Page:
Mold, Mildew Arise From Flood Waters

September 29, 2004

Disaster recovery and health officials warn that victims of flooding after the recent hurricanes should clean flood-damaged homes thoroughly to avoid possible health problems from mold and mildew.

Mold growth is common in flood-damaged homes. It is important to clean and dry completely any areas that have gotten wet. Mold often appears in the form of discoloration, from white to orange, green, brown and black. Mold also gives off a musty or earthy smell.

“People are eager to get on with their lives after a flood, but if you had flood waters in your home, we encourage you to take the time to clean thoroughly so problems don’t arise later that affect your home or your health,” Federal Coordinating Officer Nick Russo said. “Don’t wait until an inspector comes to your home to clean. We would like folks to make their homes safe, sanitary and secure as soon as possible.”

State Coordinating Officer Mike Sherberger added, “It is important to quickly identify and correct any moisture sources before health problems develop. According to health officials, infants, children, immune-compromised patients, pregnant women, individuals with existing respiratory conditions (allergies, multiple chemical sensitivity and asthma), and the elderly may be at higher risks for adverse health effects from mold.”

Allergic reactions may be the most common health problem of mold exposure. Typical symptoms reported (alone or in combination) include:

* Respiratory problems, such as wheezing, and difficulty in breathing.
* Nasal and sinus congestion and shortness of breath.
* Eyes – burning, watery, reddened, blurry vision, light sensitivity.
* Dry, hacking cough and sore throat.
* Skin irritation, aches and pains, and possible fever.
Central nervous system problems (constant headaches, memory problems, and mood changes).

Before beginning work on a flooded home, turn off main power if wiring is wet or moldy. Have electrician check the house’s electrical system before turning power on again.

Remove as much mud as possible. Once an individual has checked the water system for leaks, hose down the inside of the house and its contents. It is best to use attachment that sprays soap to wash and rinse the walls, floors, furniture, sockets, electrical boxes, and other major items that got muddy. Use a non-ammonia soap or detergent, or a commercial cleaner, in hot water, and scrub the entire area affected by the mold. A stiff brush or cleaning pad works well on block walls or uneven surfaces. Rinse clean with water. A wet/dry vacuum is handy for this process.

Remove heating and cooling registers and ducts, then hose them to prevent contamination when blowing through the ducts at a later date. Next, wash with a disinfectant that is quaternary, phenolic, or pine-oil based. If ducts are in a slab or otherwise inaccessible, have them cleaned professionally.

Disinfect and dry the moldy area. It is critical to remove the source of moisture before beginning to clean up because mold growth will return if the area becomes wet again.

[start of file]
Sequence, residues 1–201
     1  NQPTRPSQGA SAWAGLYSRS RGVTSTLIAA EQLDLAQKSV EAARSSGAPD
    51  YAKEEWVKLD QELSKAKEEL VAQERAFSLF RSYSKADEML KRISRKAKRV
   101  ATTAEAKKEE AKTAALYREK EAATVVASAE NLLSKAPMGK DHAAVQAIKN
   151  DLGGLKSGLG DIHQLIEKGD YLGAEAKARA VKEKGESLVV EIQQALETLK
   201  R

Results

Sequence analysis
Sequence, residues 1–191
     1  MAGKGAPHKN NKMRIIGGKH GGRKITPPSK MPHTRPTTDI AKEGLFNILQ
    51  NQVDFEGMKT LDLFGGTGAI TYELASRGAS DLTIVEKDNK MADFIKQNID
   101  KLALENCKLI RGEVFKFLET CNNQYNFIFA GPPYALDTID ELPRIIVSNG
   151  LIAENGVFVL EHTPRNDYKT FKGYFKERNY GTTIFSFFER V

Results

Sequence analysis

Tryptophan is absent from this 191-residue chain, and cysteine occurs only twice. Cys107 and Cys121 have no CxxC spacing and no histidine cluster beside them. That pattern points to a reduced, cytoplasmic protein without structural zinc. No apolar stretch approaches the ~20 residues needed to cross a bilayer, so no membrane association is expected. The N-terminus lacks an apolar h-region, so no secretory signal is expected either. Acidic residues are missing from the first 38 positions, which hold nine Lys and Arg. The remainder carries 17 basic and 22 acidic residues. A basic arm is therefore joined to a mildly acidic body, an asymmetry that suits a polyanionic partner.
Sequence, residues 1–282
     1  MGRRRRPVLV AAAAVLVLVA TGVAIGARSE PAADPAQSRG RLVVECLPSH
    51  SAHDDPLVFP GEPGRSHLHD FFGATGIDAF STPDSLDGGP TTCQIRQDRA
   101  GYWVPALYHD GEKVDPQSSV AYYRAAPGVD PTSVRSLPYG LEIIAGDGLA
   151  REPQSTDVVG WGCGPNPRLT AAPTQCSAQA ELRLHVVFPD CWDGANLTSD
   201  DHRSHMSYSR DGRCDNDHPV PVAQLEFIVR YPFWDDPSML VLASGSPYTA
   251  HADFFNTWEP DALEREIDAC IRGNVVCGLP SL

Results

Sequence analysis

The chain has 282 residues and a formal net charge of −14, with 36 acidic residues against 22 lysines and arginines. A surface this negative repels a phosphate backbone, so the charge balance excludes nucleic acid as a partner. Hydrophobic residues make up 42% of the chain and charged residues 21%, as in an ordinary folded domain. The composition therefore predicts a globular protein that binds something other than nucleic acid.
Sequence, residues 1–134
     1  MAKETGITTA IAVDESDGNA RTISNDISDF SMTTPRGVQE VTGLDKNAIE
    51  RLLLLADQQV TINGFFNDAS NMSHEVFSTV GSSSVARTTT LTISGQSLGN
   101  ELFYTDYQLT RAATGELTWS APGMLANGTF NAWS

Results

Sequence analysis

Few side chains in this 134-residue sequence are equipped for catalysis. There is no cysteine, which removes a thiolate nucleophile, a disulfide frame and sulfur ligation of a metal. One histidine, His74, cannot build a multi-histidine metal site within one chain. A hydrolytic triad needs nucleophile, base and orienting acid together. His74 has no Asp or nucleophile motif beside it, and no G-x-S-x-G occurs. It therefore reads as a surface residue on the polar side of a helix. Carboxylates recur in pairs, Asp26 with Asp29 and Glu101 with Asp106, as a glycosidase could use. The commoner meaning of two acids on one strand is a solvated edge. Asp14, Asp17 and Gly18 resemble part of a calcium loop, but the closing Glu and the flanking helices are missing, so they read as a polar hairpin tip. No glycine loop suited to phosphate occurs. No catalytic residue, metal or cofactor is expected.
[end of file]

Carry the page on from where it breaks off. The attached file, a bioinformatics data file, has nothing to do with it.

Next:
Bag and dispose of any material that has moldy residues, such as rags, paper, leaves, or debris. Harder materials such as glass, plastic, or metal can be kept after they are cleaned and disinfected.

Wear gloves when handling moldy materials. Moldy materials should be removed as follows:

Remove porous materials (examples: ceiling tiles, sheetrock, carpeting, wood products).

Carpeting can be a difficult problem – drying does not remove the dead spores. If there is heavy mold, consider replacing the carpet.
Allow the area to dry two or three days.

If flooded, remove all sheetrock to at least 12 inches above the high water mark.

Visually inspect the wall’s interior and remove any other intrusive molds. (This step may have to be carried out by a licensed contractor).

Use caution, as spores are easily released when moldy material is dried out. When cleaning these damaged materials, consider wearing a mask or using a respirator. Respirators can be purchased from hardware stores; select one for particle removal (sometimes referred to as a N95 or TC-21C particulate respirator). Respirators are not as effective at removing bleach fumes, so minimize the exposure when using bleach or other disinfectants.

After thorough cleaning and rinsing, disinfect the area with a solution of 10% household bleach (e.g., 1 1/2 cup bleach per gallon of water). Using bleach straight from the bottle will not be more effective. Never mix bleach with Ammonia – the fumes are toxic. Avoid excessive amounts of runoff or standing bleach, and make sure the working area is well ventilated.

Try cleaning a small test patch of mold first. If someone feels that this adversely affected their health, they should consider paying a licensed contractor or professional to carry out the work. Ask others to leave the areas when being cleaned, and work over short time spans and rest in a fresh air location. Air the house out well during and after the work.

Some final advice: Never use a gasoline engine indoors—it could expose people to carbon monoxide.

If mold odors persist, continue to dry out the area and search for any hidden areas of mold. If the area continues to smell musty, one may have to re-clean the area. Continue to dry and ventilate the area. Don’t replace flooring or begin rebuilding until the area has dried completely.

Renters, homeowners and business owners who suffered damage or uninsured losses as a result of flooding this month are encouraged to register for disaster assistance by calling the Department of Homeland Security’s Federal Emergency Management Agency at 1-800-621-FEMA (3362). The TTY number for speech- and hearing-impaired applicants is 1-800-462-7585.

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